Let it snow, let it snow, let it…STOP ALREADY!

I am Canadian.  I was born in York (now renamed Toronto), Ontario, Canada.  I have lived in Canada all my life.  Culturally speaking, I am a cross-breed.  Heritage-wise, my upbringing was full on “small village” Croatian.  This encompassed types of food eaten to language spoken in the childhood home; all pure village-Croatian.  There are however, very strong parts of my upbringing that are 100% Canadian and shall always remain as such.  The one major part is what most people think when they hear about Canada or think about Canada:  snow.

Snow…that wonderful white blanket that covers the green grass.  Those little flakes that fall from the sky gently and quietly.  You might hear a whisper of snow as it lands upon your puffy coat.  Snowflakes that stay on my nose and eyelashes”, as song by Maria VonTrapp (a.k.a. Julie Andrews) in The Sound of Music.  As children we were disappointed if we didn’t have a white Christmas.  I recall actually being at midnight mass and praying for snow.  Imagine my elation when I, prayers granted, left church to see the ground covered in 2 inches of snow and more falling down.  Yay!  Snow!  That wonderful, magical, wintery, fairy dust from the sky.  Well, not so much anymore.  Why?  I am now the designated shoveler of said wonderful fluffy stuff.  Happy?  Heck no!

Snow is one of those interesting things that people yearn for if they are excited tobogganers or avid skiers.  If you are the “driving-around-town” type, then snow becomes a disaster.  There are those who do not recall how to drive in snow, making it a precarious game of pass or fail:  pass the crazy driver who seems to keep fish-tailing, or fail and get hit by said crazy driver.  Ahhhhh…snow.

I bring you back now to the snow-filled back and front yards of my youth.  We had, what was called “packing snow”.  This snow had some wetness to it.  This was vital for creating the most formidable fortresses to hide in.  This fortress was also the place where you stored the snowballs you made with this same mouldable snow.

Snowmen?  Pshaw….best around!  You might need three people to roll the snow in order to make large boulders, but it was worth it!  That three-ball tiered snowman was a work of art!

Snow angels were also on the play menu.  You dropped down in the snow on your back and waved your arms up and down like a bird, and moved your legs out and in.  Once completed, you could stand up and leave behind a beautiful “angel” in the snow.  Yes, the miracles created by using the white, fluffy stuff.

The hardest part of childhood winters was the dress up.  Most of us did not have snow pants so we had two pairs of pants that were tucked into snow boots.  Your coat had a hood with a drawstring that was tied tightly under your neck.  The pièce de résistance  was the scarf.

IMG_2651That magical impediment to play freedom.  That scarf started around your neck, covered your chin and nose (which led to frost forming on the scarf when you breathed).  Then, it was wrapped around your forehead leaving your eyes open.  No peripheral vision and your hood usually slipped down making the scarf slip down so you usually walked with your head up high as your eyeballs tried to focus on what you were working on.  I do recall waddling into the backyard and slipping INTO the snow.  Yes, my body was submerged, but my scarfed-face was breathing air.  My siblings did not rescue me.  I was trapped…immovable (to their delight).  Ahh…the good ol’ days.  Then suddenly, it all changed.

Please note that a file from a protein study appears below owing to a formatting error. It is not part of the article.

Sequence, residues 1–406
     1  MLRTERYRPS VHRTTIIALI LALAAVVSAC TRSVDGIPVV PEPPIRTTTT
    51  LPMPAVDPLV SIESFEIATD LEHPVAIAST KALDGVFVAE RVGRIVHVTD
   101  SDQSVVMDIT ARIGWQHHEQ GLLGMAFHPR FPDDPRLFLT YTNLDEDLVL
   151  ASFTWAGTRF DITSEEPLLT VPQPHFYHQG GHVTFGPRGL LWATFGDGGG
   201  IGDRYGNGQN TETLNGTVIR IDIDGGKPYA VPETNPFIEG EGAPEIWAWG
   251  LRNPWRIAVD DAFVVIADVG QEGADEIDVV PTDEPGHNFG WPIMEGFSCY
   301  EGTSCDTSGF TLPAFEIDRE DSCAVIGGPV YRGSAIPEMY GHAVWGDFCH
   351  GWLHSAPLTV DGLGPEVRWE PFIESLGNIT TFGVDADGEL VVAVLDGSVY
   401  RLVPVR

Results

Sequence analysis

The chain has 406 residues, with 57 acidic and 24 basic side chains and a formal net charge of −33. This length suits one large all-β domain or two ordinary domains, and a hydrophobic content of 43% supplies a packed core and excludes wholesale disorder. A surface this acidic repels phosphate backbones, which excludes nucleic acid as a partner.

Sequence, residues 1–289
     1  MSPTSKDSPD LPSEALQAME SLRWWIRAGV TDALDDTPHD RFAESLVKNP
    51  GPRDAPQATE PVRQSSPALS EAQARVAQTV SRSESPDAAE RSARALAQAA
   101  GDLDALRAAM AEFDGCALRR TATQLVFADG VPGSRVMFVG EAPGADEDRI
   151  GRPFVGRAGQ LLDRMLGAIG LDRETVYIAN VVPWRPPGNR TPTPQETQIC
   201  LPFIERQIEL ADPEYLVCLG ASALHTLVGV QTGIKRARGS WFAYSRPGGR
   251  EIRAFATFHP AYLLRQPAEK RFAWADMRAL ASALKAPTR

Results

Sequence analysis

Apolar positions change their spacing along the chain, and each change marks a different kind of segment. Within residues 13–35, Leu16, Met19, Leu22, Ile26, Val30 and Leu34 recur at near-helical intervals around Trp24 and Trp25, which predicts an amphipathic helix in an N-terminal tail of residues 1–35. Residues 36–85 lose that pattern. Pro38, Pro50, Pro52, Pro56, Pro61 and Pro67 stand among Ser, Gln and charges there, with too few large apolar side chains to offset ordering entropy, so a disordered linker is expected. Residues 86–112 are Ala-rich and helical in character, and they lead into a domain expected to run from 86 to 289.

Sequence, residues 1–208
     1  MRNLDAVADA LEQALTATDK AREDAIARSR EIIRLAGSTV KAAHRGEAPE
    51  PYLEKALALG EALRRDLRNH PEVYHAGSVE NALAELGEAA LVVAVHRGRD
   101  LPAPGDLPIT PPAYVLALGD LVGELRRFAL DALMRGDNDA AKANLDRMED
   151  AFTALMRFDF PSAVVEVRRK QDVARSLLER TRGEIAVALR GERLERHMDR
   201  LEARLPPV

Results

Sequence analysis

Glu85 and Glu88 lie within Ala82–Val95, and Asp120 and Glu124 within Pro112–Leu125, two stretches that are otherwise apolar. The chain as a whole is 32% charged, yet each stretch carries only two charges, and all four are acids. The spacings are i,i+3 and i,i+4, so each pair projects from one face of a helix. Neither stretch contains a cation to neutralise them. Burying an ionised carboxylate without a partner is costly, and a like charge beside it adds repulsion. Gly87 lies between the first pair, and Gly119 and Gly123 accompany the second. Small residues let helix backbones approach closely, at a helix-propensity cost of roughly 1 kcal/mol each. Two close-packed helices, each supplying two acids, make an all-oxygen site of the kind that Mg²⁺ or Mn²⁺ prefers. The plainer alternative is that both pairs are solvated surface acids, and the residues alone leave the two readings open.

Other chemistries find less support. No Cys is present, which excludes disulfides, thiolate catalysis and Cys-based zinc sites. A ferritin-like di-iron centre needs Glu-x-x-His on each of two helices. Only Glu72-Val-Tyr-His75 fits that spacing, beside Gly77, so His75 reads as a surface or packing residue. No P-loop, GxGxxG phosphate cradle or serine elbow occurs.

Childhood is full of so many things that are fun and then we become adults and we are no longer permitted to enjoy the trivialities of life.  Ponder this…jumping into a pile a leaves in the fall.  Not fun when you are an adult because you are the one raking the leaves, not jumping into them.  Snow?  Again, if you are a skier then snow is great, but if you are not, then snow becomes something that needs to be removed.  It is work.  It is sweat.  It’s not fun.

Lately, our Canadian winters have been a bit off-kilter.  They have been cold (-20 degrees celsius) or super cold (-45 degrees celsius) and not as much snow.  Initially I was happy to hear that.  Three years ago all I did was shovel the stuff.  I started feeling bad for little children because they would not be able to build snowmen or make snow angels.  Please understand, I was NOT wishing for snow and yet…well…it seems like this new torrential snow onslaught is kind of my fault.

I love children and want them to be able to enjoy the same things I revelled in as a child.  These days it seems that children have to be supervised 24/7 which gives them no time for freedom of exploration like we had.  I recalled one day in seventh grade when I became friends with a new student from Florida.  I recalled how thrilled he was when he saw snow.  He had heard about it, seen pictures of it, but couldn’t imagine ever feeling it.  His leaned his head back, stuck out his tongue, and waited for the flakes so that he could taste it and feel it.  His exuberance led to a snowball fight (which I started so that he could get the full effect of the snowstorm).  I guess that passion for life is what made me think about children and their lack of our Canadian birthright to snow.